In Rebecca Goldstein’s recently released novel, 36 Arguments for the Existence of God, Yale’s famous literary behemoth, Harold Bloom, apparently takes some bruising hits. Here’s Laura Miller on this aspect of the novel:
Obsessed with “genius” (and his own supreme authority in the detecting of it), his every utterance a torrent of arcane allusions and references, Klapper is an extended and merciless parody of Yale professor Harold Bloom. He hates political and post-structuralist literary theory, yes, but he reserves his most uncomprehending antipathy for the hard stuff: “Most of what passes for science is merest scientism,” Klapper opined to the seven grad students (Cass among them) who hung on his every word throughout a seminar titled “The Sublime, the Subliminal and the Self.” Each of these acolytes joined the anointed when told, by the great man, “I sense the aura of election upon you” (almost word for word what Bloom once said to the writer Naomi Wolf, in an incident she viewed as sexual harassment). Klapper sucked the life out of his students in exchange for allowing them to bear witness to his mighty cogitations and revelations, but he really latched onto Cass when he learned that Cass had family connections to an isolated Hassidic sect called the Valdeners. It seems that the great man harbored secret rabbinical yearnings; after all, no one basks in more unqualified admiration than the leader of such a community.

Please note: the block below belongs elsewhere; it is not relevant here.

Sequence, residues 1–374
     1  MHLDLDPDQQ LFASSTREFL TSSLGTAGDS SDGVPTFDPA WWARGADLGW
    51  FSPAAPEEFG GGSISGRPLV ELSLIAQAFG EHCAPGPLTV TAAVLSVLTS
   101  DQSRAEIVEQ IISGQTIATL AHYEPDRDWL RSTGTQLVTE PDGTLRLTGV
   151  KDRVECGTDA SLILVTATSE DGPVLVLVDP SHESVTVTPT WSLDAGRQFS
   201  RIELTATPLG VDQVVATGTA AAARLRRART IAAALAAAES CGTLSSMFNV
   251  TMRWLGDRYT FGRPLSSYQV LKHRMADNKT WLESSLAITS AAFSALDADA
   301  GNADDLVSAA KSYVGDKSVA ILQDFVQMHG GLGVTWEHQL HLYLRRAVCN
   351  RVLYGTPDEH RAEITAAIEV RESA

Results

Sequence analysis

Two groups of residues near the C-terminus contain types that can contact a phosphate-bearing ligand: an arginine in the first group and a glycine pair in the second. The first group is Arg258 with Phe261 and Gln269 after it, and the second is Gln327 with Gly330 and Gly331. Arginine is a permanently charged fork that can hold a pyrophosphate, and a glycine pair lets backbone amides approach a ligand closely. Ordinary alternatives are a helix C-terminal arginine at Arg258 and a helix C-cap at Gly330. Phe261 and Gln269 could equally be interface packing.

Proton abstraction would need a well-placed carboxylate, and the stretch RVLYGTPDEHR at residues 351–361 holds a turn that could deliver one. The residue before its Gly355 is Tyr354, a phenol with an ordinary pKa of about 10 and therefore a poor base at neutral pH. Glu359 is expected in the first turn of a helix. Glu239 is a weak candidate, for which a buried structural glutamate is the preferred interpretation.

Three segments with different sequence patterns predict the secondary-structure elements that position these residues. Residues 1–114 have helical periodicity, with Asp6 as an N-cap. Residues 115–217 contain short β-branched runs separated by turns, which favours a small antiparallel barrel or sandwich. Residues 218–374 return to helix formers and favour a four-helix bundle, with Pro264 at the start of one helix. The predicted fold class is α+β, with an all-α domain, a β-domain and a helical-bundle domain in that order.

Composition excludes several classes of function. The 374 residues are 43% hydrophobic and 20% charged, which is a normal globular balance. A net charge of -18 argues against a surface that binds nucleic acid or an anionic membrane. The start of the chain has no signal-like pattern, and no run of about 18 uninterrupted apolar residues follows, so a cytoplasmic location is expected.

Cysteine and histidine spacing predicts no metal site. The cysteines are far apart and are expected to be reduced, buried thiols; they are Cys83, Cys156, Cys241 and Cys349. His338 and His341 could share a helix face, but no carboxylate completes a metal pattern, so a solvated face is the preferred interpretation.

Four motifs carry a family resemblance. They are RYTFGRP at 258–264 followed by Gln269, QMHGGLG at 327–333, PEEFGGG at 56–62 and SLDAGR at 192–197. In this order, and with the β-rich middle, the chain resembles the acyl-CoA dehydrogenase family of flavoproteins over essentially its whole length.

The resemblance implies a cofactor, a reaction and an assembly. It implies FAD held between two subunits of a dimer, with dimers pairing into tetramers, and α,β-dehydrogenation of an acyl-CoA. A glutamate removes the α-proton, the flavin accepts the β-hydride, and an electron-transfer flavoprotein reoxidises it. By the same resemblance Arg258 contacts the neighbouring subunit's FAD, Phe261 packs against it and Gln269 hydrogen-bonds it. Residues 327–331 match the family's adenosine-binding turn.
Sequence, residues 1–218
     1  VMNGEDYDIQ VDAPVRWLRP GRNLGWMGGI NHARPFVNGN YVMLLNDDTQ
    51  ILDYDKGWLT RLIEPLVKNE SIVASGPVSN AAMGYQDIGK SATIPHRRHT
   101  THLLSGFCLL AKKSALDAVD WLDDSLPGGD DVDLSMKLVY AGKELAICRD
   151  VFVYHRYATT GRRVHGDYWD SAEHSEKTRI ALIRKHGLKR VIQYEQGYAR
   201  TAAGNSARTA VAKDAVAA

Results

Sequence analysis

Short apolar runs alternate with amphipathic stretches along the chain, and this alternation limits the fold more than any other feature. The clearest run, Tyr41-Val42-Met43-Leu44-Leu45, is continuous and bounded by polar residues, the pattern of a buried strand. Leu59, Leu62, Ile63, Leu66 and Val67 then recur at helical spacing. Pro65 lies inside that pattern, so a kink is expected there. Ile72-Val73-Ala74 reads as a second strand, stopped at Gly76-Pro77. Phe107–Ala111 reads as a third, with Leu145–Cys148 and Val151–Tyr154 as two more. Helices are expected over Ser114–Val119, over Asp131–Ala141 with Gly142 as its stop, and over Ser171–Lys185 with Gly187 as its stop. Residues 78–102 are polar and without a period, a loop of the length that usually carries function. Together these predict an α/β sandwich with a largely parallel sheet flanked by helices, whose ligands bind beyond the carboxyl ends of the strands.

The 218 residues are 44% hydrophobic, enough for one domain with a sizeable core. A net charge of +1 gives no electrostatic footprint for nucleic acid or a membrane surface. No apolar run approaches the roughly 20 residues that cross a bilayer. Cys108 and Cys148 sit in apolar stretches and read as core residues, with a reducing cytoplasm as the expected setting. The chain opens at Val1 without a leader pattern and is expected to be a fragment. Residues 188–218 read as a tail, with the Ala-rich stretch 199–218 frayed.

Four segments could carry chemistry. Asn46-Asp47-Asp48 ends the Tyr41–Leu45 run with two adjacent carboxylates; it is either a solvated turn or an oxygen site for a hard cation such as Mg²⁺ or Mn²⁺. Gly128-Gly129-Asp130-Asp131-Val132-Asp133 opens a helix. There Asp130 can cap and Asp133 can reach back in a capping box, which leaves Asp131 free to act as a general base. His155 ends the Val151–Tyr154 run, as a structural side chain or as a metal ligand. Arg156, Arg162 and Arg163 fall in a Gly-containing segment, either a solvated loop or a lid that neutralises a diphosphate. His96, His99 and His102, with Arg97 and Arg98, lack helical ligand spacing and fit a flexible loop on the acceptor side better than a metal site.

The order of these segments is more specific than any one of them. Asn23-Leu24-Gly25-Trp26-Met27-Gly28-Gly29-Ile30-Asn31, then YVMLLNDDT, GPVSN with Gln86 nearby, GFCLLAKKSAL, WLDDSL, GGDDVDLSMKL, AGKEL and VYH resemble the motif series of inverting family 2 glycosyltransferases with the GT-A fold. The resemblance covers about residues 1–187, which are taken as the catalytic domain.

Hmm. An English professorship at Yale as cult practice (mesmerizing and mystifying your big-eyed initiates and engaging in alpha-male psychological power plays). That’s interesting, and explains a lot of things. Absent a temple to Artemis, what else is a gnostic like Bloom going to do with his secret knowledge? (Bloom has long called himself a gnostic.) But I wonder: is this just a problem on the humanities side of the campus, or does Goldstein think that science professors are also capable of this sort of thing? If I decide to get this novel, I’d be curious to see whether Goldstein portrays scientists at the progressive vanguard, and above it all. Given that Goldstein is an academic, and a sophisticated writer, I doubt it. Here’s Miller again:
Even those unpracticed in reading metaphysical fiction will be able to trace the philosophical issues and impasses embodied in her characters and recognize that she is offering no facile answers. If anyone expects this Princeton-trained logician to come out categorically on the side of materialism, they may wind up disappointed.
The book sounds interesting. One campus, two cultures?